“Never before has the pharmaceutical industry faced such a transformative manufacturing technology.”
3D Printing Technologies
All 3D printing technologies share the same fundamental feature of additive manufacturing – the layering of material layer by layer to achieve the desired product. However, other fundamental aspects of the technology, such as the physical mechanisms used to deposit materials and to cure them, differ considerably depending on the technological approach and the subsequent items being 3D printed (Moldenhauer et al., 2021).
Traditional compression fabricated devices such as tablets are made from a homogenous mixture of support material and the drug substance and are generally restrained to a continuous and singular drug release profile.
For printed dosage forms, multiple types of scenarios exist and include, on the simplest level, accurately deposited doses of drug substance. Furthermore, devices can be made in a number of complex geometries, with multiple drugs loaded throughout the device, in a continuous or non-continuous manner, surrounded by barrier layers. These features will control the release of one or multiple drug substances.
SPID®-Technology (Screen Printing Innovative Drug Delivery Technology) is a patented 3D printing technology that has the ability to manufacture and optimize complex drug delivery systems (DDS). Through its additive manufacturing, SPID®-Technology can control the geometry, size, content, and release characteristics of the active pharmaceutical ingredient (API) in the design of the DDS.
This process also creates the opportunity to control and feature multiple API within a single DDS. This means that medications that were once time-specific with multiple doses (2-3 pills a day) could be condensed into one pill taken once a day. Additionally, this screen printing manufacturing process can generate desired DDS characteristics both in small batches and on the industry’s manufacturing standard.
SPID®-Technology has been patent-protected since 2014. Since then, SPID®-Technology has been supported by more than 120 patents/patent applications and more than 3,000 patent claims.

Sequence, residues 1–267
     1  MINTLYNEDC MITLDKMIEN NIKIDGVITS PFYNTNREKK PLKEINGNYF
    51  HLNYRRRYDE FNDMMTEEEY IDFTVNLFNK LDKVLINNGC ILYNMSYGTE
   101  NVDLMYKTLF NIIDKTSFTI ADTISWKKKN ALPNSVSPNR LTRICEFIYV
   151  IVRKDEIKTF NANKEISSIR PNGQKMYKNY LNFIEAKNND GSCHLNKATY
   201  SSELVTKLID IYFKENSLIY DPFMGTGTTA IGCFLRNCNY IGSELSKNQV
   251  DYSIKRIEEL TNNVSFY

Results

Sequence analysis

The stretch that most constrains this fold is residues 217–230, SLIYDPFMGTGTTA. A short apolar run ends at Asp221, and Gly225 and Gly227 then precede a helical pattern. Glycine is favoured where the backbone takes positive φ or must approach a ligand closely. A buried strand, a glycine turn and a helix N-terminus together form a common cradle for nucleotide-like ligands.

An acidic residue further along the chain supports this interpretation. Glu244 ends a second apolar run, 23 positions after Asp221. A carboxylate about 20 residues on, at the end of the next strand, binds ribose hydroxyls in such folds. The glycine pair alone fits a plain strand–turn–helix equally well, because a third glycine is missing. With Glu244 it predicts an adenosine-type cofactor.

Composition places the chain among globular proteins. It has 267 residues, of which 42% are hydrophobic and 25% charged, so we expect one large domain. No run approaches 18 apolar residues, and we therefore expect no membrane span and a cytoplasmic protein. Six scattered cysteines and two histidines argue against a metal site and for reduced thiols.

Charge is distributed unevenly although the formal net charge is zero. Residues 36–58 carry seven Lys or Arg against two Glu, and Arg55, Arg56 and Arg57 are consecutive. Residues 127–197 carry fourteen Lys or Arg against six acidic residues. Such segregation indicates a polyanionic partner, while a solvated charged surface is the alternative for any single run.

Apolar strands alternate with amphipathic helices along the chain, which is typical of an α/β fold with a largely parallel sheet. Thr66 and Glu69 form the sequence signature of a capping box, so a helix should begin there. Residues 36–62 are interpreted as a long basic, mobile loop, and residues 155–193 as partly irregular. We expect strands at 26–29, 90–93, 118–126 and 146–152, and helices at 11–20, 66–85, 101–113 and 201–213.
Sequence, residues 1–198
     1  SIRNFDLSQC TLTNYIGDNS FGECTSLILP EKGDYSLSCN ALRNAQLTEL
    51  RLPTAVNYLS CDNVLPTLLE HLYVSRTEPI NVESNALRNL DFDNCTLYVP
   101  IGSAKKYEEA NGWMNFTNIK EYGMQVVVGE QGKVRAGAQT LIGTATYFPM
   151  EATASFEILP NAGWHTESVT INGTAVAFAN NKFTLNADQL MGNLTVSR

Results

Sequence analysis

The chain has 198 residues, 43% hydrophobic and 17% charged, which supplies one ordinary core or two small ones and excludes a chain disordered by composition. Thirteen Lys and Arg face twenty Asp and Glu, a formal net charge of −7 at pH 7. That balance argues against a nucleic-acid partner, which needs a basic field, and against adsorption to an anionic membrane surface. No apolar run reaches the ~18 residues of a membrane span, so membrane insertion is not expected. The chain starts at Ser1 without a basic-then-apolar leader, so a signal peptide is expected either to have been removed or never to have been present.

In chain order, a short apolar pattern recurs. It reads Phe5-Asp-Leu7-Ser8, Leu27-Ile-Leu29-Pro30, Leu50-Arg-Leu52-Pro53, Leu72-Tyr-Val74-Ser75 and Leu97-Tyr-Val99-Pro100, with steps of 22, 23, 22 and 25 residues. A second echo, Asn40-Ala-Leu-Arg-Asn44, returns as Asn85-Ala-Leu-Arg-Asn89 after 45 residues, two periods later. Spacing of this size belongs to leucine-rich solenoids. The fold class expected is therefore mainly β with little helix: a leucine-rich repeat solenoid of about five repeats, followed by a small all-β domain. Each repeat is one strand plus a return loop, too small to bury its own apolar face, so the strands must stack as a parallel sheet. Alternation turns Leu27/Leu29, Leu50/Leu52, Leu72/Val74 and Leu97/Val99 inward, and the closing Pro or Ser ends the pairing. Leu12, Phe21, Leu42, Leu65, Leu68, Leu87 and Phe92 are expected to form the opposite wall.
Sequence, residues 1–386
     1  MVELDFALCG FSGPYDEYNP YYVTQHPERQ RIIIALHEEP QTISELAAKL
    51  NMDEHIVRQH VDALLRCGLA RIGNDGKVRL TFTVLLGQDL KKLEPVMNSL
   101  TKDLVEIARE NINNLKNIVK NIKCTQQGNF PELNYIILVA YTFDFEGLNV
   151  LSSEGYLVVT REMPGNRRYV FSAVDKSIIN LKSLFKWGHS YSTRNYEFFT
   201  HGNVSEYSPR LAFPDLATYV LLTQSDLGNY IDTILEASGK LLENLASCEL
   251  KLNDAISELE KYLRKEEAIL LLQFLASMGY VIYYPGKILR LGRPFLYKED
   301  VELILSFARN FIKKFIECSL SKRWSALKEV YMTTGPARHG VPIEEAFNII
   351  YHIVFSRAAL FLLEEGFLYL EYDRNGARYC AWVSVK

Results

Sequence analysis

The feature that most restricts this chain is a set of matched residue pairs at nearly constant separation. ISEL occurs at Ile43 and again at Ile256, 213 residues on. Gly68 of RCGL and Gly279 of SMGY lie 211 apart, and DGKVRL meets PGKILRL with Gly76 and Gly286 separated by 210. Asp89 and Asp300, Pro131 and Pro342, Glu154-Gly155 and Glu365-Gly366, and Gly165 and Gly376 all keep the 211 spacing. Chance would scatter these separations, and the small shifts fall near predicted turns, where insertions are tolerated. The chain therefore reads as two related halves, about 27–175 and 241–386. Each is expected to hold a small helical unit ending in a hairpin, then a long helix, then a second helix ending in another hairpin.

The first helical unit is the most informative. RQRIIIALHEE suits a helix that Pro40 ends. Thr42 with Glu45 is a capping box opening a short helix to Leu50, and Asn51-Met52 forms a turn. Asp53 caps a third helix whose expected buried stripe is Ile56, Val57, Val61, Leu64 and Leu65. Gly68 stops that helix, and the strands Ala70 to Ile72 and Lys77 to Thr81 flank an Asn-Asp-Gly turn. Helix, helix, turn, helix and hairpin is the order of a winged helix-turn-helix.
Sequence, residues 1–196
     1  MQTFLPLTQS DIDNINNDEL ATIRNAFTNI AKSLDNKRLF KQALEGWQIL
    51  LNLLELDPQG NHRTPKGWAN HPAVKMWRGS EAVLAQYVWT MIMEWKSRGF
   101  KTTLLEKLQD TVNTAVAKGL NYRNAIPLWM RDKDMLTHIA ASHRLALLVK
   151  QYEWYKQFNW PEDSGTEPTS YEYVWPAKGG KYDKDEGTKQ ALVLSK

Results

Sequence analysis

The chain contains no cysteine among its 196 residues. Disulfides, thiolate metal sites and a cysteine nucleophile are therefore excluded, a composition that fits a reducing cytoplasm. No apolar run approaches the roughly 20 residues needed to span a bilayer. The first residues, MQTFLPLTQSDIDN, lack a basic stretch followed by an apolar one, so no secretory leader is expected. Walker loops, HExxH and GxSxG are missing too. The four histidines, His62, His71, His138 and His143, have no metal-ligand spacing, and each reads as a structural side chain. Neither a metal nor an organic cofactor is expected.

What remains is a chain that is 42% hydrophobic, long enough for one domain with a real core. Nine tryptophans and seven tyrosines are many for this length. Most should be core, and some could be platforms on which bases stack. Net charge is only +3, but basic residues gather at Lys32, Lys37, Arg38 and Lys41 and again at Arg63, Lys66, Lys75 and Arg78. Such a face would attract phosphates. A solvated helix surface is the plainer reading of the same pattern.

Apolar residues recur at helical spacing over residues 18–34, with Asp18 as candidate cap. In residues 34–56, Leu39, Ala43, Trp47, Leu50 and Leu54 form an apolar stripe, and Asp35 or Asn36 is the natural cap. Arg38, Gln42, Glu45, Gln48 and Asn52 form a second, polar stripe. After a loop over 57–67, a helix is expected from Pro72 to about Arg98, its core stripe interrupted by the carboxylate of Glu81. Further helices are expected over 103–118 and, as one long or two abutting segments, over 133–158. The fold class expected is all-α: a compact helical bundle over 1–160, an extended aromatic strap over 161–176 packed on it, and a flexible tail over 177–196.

SPID®-Technology Printing Cycle
The process itself consists of a series of distinct operations:
1. Preparation of the printing paste
2. Development of the printing screens
3. Application of the printing paste onto the printing screen, which is then drawn over the screen by the flooding squeegee, followed by the printing squeegee which presses the paste through the mashes of the screen onto the printing plate
4. Screen is lifted up and platform moves from the printing area to the drying station (e.g., drying by convection; UV light)
5. Layer is being dried
6. Platform returns to printing station, automated height adjustment of the platform
7. Application of the next layer, followed by another round of drying
3D Printing and the Future of Pharmaceutical Manufacturing
Scientific journal Drug Discovery Today, which reports the rapid scientific developments in drug discovery, writes that the pharmaceutical industry has “never before faced such a transformative manufacturing technology” as 3D printing pharmaceutical technologies. (Beg et al., 2020).
Beyond its ability to optimize and transform DDS design and batch size, SPID®-Technology also unlocks the potential for personalized medicine. Through its digitization of pharmaceutical manufacturing, SPID®-Technology challenges traditional drug development processes and unlocks the potential for a pharmaceutical landscape that was once impossible.
Sarwar Beg, Waleed H. Almalki, Arshi Malik, Mohd Farhan, Mohammad Aatif, Ziyaur Rahman, Nabil K. Alruwaili, Majed Alrobaian, Mohammed Tarique, Mahfoozur Rahman, 3D printing for drug delivery and biomedical applications, Drug Discovery Today, Volume 25, Issue 9, 2020, Pages 1668-1681, ISSN 1359-6446,https://doi.org/10.1016/j.drudis.2020.07.007.
Moldenhauer, Daniel & Nguyen, Doan & Jeschek, Lisa & Hack, Franz & Fischer, Dagmar & Schneeberger, Achim. (2020). 3D Screen printing – an innovative technology for large-scale manufacturing of pharmaceutical dosage forms. International Journal of Pharmaceutics. 120096. 10.1016/j.ijpharm.2020.120096.